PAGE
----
that place: tsukiji market

If you find yourself in Tokyo, or the Asian continent for that matter, you would be doing yourself a great disservice if you don’t do the early morning wake-up and head to Tsukiji Market. Located in central Tokyo the market is the largest fish and seafood market in the world. Mon- Sat, 5 AM- 2 PM (though the vast majority of the action dies down by 6:30), directly above Tsukiji Shijo Station on the Oedo Subway Line  or a five minute walk from Tsukiji Station on the Hibiya Subway Line

The tuna auctions begin at 5:20 AM each day, after which, the fresh products are distributed and shipped to the worlds best restaurants. Auctions are open to the public, but in limited capacity.  Only 140 visitors are granted access each day done so on a first come basis. To catch the action, you will need to apply at the Osakana Fukyu Center at Kochidoki Gate starting at 5 AM. A first group of visitors is admitted to the auction between 5:25 and 5:50, with the second group between 5:50 and 6:15.

tuna auction action: these guys can go for tens of thousands of dollars

If you aren’t awarded one of the coveted spots, not to worry, the market itself is quite the spectacle in itself. Numerous vendors hawk fish pulled from the seas that morning alongside other seafood treats. Scooters, trucks, sellers and buyers scurry around adding the to hectic vibe.

market overview

tsukiji close-ups

The hustle and bustle of the market can easily allow one to build quite an appetite. Luckily, for visitors to Tsujiki, this problem is easily fixed. The most authentic of restaurants are often found within the walls of the worlds markets. Tsukiji is no exception. Numerous tiny sushi shops line the streets surrounding the main market building. The lines for which start forming bright and early around the market’s peak hour of 5 AM. One of the most revered of these eateries  is Sushi Dai. Having only 13 seats and a favorite of locals and tourists alike, lines here can reach two hours long. For most things, a two hour wait would result in my leaving. However, Sushi Dai is one of the well-worth-it exceptions. The sushi here even managed to change my mother from a strict non raw foods eater to sushi aficionado (read more on that dish).  Mon – Sat 5 AM- 2 PM, Sushi Dai is located in Building no. 6, the third alley, the third shop on the right

crowds waiting to chow down at Sushi Dai (menu via flickr user wallyg)

Don’t have two hours to wait for some fish? Don’t want to wait two hours for some fish? No worries. The rows of narrow barracks surrounding the market house numerous and equally delicious sushi joints to hit the spot. Daiwa and Sushi-Bun are close by and also held in high regard. An omakase meal, usually 7 pieces of sushi and 1 roll with soup, at one of these establishments will run you around ¥4000 ($50 USD today) but is an experience only available in Tsukiji.  Smaller portions are usually available  for around ¥2900 ($38) for those on tight budgets who still want the sushi experience.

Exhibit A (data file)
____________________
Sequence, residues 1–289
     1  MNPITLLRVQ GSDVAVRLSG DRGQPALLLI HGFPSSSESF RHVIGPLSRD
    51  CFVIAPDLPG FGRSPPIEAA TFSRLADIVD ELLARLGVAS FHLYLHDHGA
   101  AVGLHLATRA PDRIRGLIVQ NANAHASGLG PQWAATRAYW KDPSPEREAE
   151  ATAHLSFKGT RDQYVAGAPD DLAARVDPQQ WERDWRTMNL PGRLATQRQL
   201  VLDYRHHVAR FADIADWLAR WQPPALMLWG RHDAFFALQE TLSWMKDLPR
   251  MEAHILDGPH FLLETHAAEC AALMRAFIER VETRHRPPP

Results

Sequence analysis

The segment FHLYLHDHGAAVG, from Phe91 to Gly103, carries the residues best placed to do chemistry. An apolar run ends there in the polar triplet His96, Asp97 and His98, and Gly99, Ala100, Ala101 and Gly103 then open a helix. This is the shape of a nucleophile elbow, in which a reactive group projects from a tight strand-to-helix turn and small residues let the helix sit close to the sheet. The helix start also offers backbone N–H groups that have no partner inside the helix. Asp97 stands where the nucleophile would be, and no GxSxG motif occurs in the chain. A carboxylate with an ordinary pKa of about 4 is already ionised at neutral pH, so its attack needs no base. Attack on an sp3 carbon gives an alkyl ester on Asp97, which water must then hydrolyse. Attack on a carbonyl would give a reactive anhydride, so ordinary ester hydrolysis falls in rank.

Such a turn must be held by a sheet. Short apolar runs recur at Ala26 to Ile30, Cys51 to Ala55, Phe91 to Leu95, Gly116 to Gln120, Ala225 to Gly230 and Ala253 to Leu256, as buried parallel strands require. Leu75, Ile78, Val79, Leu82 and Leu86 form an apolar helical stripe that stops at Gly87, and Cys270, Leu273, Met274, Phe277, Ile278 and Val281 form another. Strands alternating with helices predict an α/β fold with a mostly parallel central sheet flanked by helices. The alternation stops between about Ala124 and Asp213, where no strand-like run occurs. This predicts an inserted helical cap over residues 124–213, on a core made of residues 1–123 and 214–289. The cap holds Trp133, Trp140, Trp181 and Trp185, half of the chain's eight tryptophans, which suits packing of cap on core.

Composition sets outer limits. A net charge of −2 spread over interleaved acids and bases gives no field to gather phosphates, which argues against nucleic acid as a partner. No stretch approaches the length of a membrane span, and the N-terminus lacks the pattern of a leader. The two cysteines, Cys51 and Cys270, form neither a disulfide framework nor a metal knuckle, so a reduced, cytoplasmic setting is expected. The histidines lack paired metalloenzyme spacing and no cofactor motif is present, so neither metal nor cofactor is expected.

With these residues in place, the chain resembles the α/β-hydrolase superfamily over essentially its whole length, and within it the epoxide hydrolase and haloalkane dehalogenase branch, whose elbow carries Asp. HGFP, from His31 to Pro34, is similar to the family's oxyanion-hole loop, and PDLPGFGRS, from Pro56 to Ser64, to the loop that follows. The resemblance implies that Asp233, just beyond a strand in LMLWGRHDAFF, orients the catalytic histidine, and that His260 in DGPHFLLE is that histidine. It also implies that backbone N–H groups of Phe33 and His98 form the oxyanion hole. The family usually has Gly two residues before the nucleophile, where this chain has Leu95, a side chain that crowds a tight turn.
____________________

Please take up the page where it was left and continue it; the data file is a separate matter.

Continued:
To catch the action at Tsukiji you”ll have to rally the troops and head out early. Tsukiji Market is a Japanese institution,  a Tokyo sight not to be missed and a market unreplicated the world over. There is not a better way to start your day.

4 responses to “that place: tsukiji market

  1. Pingback: just because: it’s the end of an era « That Great Little Spot·

  2. what’s amazing is that after i complained, you took down most of the photos you “borrowed” from my flickr photstream without crediting. but you couldn’t take down all of them.

    Tokyo - Tsukiji: Sushi Dai
    Tokyo - Tsukiji: Sushi Dai

    • Hi Wally,
      Sorry I did not realize those were yours as well (the Sushi Dai ones are credited and linked back to your stream). They should be correctly credited now.
      Please let me know if there are any others of yours. And again, sorry.

      Best, Sarita

Something to say?

Fill in your details below or click an icon to log in:

WordPress.com Logo

You are commenting using your WordPress.com account. Log Out / Change )

Twitter picture

You are commenting using your Twitter account. Log Out / Change )

Facebook photo

You are commenting using your Facebook account. Log Out / Change )

Google+ photo

You are commenting using your Google+ account. Log Out / Change )

Connecting to %s